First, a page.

How did healthcare become so impervious to improvements which citizens could feel comfortable "getting behind"? An apt quote from Josh Barro recently made the rounds:
All healthcare is unpopular because healthcare is 1/6 of our economy, but nobody wants to spend 1/6 of their income on it.Even though it may appear that overuse of healthcare is the pertinent issue, many of us know individuals who try to avoid a doctor's office unless absolutely necessary. Indeed, not all these individuals are necessarily limited by wages in doing so. Nevertheless, healthcare continues to crowd other economic activity in the marketplace - in part because of how its incentive structures are aligned.
In a broader sense, the inefficient organizational capacity of healthcare could also be negatively impacting international monetary flows. How so? First, consider that even as the Fed attempts to maintain economic stability in the U.S., it also bears a degree of responsibility for a worldwide level of resource capacity. That's how important the Fed's influence became, for monetary flows in the twentieth century. But consider the juggling act the Fed seeks at home, as it attempts to counter any potential internal inflation, regardless of the source, via a 2% inflation cap.
Unfortunately, these hard limits on aggregate spending capacity - even as pressing real economy factors continue to be neglected - are leading to further sectoral imbalance. Consequently, healthcare's internal inflation contributes to the current Fed tightening cycle, which gradually diminishes total resource capacity even as other developed nations are attempting to maintain sufficient aggregate spending capacity. In all of this, Washington attempts to cut long term healthcare expenses by trimming the provision of healthcare, altogether. Of this current tightening cycle, Charlie Billello of Pension Partners writes:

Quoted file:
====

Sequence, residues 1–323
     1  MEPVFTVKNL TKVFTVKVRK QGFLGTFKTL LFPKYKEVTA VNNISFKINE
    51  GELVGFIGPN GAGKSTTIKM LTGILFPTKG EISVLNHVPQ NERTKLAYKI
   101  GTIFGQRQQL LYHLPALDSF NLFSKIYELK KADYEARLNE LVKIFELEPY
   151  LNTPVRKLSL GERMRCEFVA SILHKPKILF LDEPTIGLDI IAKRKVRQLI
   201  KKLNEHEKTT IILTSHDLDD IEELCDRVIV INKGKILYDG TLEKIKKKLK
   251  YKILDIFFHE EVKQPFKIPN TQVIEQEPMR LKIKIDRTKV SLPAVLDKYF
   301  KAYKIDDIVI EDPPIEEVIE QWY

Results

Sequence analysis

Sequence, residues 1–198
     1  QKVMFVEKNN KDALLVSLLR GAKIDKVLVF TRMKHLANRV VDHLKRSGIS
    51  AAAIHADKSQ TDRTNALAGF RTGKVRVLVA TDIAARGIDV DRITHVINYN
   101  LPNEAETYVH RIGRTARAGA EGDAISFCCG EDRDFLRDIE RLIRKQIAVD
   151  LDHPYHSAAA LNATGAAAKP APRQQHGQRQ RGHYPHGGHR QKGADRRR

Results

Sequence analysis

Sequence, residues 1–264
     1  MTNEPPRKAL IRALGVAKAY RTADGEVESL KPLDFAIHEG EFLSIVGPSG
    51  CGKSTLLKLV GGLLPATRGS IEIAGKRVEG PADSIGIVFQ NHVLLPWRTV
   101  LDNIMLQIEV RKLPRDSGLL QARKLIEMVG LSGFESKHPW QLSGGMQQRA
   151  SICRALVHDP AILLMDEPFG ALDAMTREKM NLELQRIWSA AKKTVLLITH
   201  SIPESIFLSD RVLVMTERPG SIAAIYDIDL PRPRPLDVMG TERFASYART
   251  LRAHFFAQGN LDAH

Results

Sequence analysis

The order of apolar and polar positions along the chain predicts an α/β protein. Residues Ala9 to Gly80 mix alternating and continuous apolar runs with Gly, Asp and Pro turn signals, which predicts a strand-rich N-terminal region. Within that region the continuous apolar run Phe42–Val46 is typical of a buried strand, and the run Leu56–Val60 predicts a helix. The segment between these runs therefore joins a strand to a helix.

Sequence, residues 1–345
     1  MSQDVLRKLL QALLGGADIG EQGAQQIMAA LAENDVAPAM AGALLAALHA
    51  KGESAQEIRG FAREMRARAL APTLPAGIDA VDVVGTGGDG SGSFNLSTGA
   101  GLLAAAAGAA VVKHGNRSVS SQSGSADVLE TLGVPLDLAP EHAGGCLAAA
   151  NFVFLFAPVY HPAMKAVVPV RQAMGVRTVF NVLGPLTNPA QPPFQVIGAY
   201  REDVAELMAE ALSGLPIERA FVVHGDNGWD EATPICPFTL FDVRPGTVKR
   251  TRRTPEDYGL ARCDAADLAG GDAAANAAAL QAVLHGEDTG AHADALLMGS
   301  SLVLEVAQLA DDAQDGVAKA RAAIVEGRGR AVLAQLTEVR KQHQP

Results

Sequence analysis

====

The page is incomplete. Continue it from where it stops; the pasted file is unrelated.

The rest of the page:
In stark contrast, the Bank of Japan (BOJ), Bank of England (BOE), and European Central Bank (ECB) have all cut rates since December 2015.Clearly, there are many contributing factors to the Baumol effect other than healthcare. Even so, this sector is a major component of today's open-ended equilibrium approach to the redistribution and nominal compensation of time value and human capital. And yet even though U.S. healthcare costs are high in relation to other developed nations, that's not to say single payer markets don't face their own sets of problems in terms of marketplace choice.
At a basic level, the problem which exists for healthcare, is like that for many other forms of time based product: inadequate representation of overall time value in the marketplace. One reason it is so difficult for healthcare to provide sufficient price signals in the U.S., is the fact price signals first need to coordinate resource capacity which is fully represented. Unlike a wide range of resource utilization in the marketplace, overall time value is woefully underrepresented in terms of system potential.
Since time aggregates are a fixed scarcity in relation to the random scarcities of other resource capacity, the option of time value in relation to itself, would finally make free markets in time value a reasonable option. Further, time value as a price signalling process, would particularly help democracies which now face tremendous struggles in their attempts to coordinate welfare states. In order for healthcare to gain free market options in terms of choice and preference, more participants need to be brought into the process.